Uncertainty about the WOTUS definition and, therefore, what waters are under federal jurisdiction is likely to continue for the near future. While the NWPR is active in every state except for Colorado, eleven cases challenging the rule are ongoing in different jurisdictions. If federal district or circuit courts reach different conclusions, as courts already have in Colorado and California, it would create an unpredictable patchwork of jurisdictional waters rules across the country.[39] The definition of WOTUS and the corresponding scope of federal jurisdiction will remain uncertain at least until the ongoing cases challenging the NWPR reach their conclusions and potentially long afterwards.

Joshua Katz is an attorney at Bickerstaff Heath Delgado Acosta LLP in Austin, TX. He practices in the areas of environmental law, administrative law, water law, electric utility regulation, and civil litigation.

Caleb Ray is in his fourth and final year of a dual degree program pursuing a Master of Global Policy Studies from the LBJ School of Public Affairs and a JD from the University of Texas School of Law. He is an Articles and Notes Editor for the Texas Environmental Law Journal.

 

[1] 33 U.S.C. § 1362(7).

[2] About the Waters of the United States, Env’t Prot. Agency, https://www.epa.gov/nwpr/about-waters-united-states (last visited Nov. 26, 2020).

[3] The Navigable Waters Protection Rule: Definition of “Waters of the United States,” 85 Fed. Reg. 22,250, 22250 (Apr. 21, 2020).

[4] Id. at 22,252.

[5] See Cal. v. Wheeler, 467 F.Supp.3d 864 (N.D. Cal. June 19, 2020); Colo. v. Env’t Prot. Agency, No. 1:20-cv-01461 (D. Colo. June 19, 2020); Complaint, Chesapeake Bay Found. v. Wheeler, No. 1:20-cv-01064 (D. Md. Apr. 27, 2020); Complaint, Conservation Law Found. v. Env’t Prot. Agency, No, 1:20-cv-10820 (D. Mass. Apr. 29, 2020); Complaint, S.C. Coastal Conservation League v. Wheeler, No. 2:20-cv-01687 (D.S.C. Apr. 29, 2020); Complaint, Navajo Nation v. Wheeler, No. 2:20-cv-00602 (D.N.M. June 22, 2020); Complaint, Pascua Yaqui Tribe v. Env’t Prot. Agency, 4:20-cv-00266 (D. Ariz. June 22, 2020); Complaint, Puget Soundkeeper All. v. Env’t Prot. Agency, No. 2:20-cv-00950 (W.D. Wash. June 22, 2020); Complaint, Env’t Integrity Project v. Wheeler, No. 1:20-cv-01734 (D.D.C. June 25, 2020).

[6] See, e.g., Wheeler, 467 F.Supp.3d at 873; Complaint, Cal. v. Wheeler, No. 3:20-cv-03005 (N.D. Cal. May 1, 2020).

[7] See First Supplemental Complaint, N.M. Cattle Growers’ Ass’n v. Env’t Prot. Agency, No. 1:19-cv-00988 (D. N.M. Apr. 27, 2020); Second Amended Complaint, Or. Cattlemen’s Ass’n v. Env’t Prot. Agency, No. 3:19-cv-00564-AC (D. Or. May 4, 2020); First Supplemental Complaint, Wash. Cattlemen’s Ass’n. v. Env’t Prot. Agency, No. 2:19-cv-00569-JCC (W.D. Wash. May 1, 2020).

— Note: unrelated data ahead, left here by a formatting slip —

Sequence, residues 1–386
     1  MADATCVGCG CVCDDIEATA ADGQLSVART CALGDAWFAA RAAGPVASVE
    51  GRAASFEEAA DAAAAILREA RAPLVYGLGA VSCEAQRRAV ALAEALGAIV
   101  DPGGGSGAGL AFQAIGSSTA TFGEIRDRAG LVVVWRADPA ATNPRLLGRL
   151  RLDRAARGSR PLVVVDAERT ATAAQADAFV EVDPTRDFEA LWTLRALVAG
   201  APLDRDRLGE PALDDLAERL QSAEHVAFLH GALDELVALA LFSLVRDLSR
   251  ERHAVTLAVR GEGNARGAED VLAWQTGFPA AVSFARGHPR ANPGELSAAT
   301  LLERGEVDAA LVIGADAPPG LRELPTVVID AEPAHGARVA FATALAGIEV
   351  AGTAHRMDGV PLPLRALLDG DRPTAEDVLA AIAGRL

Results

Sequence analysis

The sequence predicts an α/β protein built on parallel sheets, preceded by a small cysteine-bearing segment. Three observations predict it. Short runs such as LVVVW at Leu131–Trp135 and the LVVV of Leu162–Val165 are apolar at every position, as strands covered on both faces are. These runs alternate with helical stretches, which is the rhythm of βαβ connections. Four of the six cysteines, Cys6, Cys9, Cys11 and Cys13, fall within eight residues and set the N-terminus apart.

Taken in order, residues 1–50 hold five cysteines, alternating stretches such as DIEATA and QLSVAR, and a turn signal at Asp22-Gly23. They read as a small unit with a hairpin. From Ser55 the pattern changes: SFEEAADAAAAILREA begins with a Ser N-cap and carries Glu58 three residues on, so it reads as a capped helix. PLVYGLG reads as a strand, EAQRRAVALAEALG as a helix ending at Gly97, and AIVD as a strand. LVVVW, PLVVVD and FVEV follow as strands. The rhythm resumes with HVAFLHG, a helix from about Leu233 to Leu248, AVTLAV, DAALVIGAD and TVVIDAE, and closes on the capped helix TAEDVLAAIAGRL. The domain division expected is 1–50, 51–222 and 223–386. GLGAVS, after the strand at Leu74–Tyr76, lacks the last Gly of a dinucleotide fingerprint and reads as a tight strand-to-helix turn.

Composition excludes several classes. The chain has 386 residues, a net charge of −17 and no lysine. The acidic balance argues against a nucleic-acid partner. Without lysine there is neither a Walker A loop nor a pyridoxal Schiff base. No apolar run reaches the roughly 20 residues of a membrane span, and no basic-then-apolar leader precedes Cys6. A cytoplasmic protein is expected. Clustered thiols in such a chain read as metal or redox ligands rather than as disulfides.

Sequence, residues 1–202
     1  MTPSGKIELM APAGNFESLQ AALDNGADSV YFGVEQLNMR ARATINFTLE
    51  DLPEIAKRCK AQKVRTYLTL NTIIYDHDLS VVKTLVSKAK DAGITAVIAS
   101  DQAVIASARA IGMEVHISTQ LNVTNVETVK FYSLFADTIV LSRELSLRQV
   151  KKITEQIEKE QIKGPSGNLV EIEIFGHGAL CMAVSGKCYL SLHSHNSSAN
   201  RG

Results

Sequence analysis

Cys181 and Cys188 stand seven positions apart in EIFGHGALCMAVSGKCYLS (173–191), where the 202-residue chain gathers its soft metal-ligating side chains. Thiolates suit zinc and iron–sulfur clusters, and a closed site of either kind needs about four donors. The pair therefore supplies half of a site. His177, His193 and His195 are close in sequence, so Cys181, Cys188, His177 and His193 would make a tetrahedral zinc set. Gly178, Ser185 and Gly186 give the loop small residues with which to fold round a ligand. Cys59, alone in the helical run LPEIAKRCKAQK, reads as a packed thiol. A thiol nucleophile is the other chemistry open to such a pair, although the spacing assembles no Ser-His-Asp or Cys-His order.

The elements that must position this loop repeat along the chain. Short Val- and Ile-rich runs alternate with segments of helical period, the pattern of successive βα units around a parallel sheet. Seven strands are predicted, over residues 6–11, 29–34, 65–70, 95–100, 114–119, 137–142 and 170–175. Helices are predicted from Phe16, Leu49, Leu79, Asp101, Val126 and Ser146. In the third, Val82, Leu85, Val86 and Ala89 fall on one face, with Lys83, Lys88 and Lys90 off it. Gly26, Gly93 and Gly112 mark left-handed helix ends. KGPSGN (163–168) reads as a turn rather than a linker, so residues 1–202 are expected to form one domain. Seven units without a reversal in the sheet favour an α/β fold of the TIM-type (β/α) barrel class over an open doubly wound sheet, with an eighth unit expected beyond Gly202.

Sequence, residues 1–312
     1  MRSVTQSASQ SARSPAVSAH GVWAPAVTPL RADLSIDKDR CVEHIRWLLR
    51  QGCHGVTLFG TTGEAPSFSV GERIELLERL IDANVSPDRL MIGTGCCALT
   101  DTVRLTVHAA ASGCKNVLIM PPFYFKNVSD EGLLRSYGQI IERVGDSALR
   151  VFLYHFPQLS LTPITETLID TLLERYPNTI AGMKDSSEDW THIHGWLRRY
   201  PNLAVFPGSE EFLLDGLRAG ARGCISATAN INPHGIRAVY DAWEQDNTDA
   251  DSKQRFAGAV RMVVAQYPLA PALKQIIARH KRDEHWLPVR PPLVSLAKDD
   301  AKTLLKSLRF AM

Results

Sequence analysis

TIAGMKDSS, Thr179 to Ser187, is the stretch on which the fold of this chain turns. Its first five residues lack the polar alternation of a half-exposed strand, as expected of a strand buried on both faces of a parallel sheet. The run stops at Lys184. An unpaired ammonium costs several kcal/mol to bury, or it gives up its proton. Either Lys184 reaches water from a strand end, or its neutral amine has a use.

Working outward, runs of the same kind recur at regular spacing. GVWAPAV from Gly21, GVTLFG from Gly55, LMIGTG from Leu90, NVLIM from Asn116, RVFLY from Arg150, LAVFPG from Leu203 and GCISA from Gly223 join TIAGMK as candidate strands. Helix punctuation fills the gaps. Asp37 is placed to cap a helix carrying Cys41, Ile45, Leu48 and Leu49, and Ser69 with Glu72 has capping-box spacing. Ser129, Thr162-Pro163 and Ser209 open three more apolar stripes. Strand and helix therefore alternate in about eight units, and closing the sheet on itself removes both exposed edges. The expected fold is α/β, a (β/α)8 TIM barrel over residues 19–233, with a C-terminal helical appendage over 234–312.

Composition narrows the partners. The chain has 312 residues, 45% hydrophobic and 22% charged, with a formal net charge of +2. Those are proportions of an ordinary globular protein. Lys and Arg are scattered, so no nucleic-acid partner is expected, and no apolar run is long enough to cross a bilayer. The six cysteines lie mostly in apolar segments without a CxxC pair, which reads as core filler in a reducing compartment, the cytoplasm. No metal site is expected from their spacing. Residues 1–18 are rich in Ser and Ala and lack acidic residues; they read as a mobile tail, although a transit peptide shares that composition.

[8] Complaint at 5, N.M. Cattle Growers’ Ass’n v. Env’t Prot. Agency, No. 1:19-cv-00988 (D. N.M. Oct. 22, 2019).

[9] Rapanos v. U.S., 547 U.S. 715, 739 (2006).

[10] Id. at 716.

[11] Id.

[12] Id. at 759; see also Solid Waste Agency of N. Cook County v. U.S. Army Corps of Eng’rs, 531 U.S. 159 (2001); U.S. v. Riverside Bayview Homes, Inc., 474 U.S. 121 (1985).

[13] Rapanos, 547 U.S at 780 (quoting 33 U.S.C. § 1251(a)).

[14] Id. at 784.

[15] Clean Water Rule: Definition of “Waters of the United States,” 80 Fed. Reg. 37,055–56 (June 29, 2015).

[16] Id. at 37,106.

[17] Id. at 37,105–06, 37,018.

[18] The Navigable Waters Protection Rule: Definition of “Waters of the United States, 85 Fed. Reg. 22,250, 22,252 (Apr. 21, 2020).

[19] First Supplemental Complaint, N.M. Cattle Growers’ Ass’n v. Env’t Prot. Agency, No. 1:19-cv-00988 (D. N.M. Apr, 27, 2020); Complaint, Chesapeake Bay Found. v. Wheeler, No. 1:20-cv-01064 (D. Md. Apr. 27, 2020); 85 Fed. Reg. 22250.

[20] Complaint at 24–25, Chesapeake Bay Found. v. Wheeler, No. 1:20-cv-01064 (D. Md. Apr. 27, 2020). 

[21] See Cal. v. Wheeler, 467 F.Supp.3d 864 (N.D. Cal. June 19, 2020); Colo. v. Env’t Prot. Agency, No. 1:20-cv-01461 (D. Colo. June 19, 2020); Complaint, Chesapeake Bay Found. v. Wheeler, No. 1:20-cv-01064 (D. Md. Apr. 27, 2020); Complaint, Conservation Law Found. v. Env’t Prot. Agency, No, 1:20-cv-10820 (D. Mass. Apr. 29, 2020); Complaint, S.C. Coastal Conservation League v. Wheeler, No. 2:20-cv-01687 (D.S.C. Apr. 29, 2020); Complaint, Navajo Nation v. Wheeler, No. 2:20-cv-00602 (D.N.M. June 22, 2020); Complaint, Pascua Yaqui Tribe v. Env’t Prot. Agency, 4:20-cv-00266 (D. Ariz. June 22, 2020); Complaint, Puget Soundkeeper All. v. Env’t Prot. Agency, No. 2:20-cv-00950 (W.D. Wash. June 22, 2020); Complaint, Env’t Integrity Project v. Wheeler, No. 1:20-cv-01734 (D.D.C. June 25, 2020).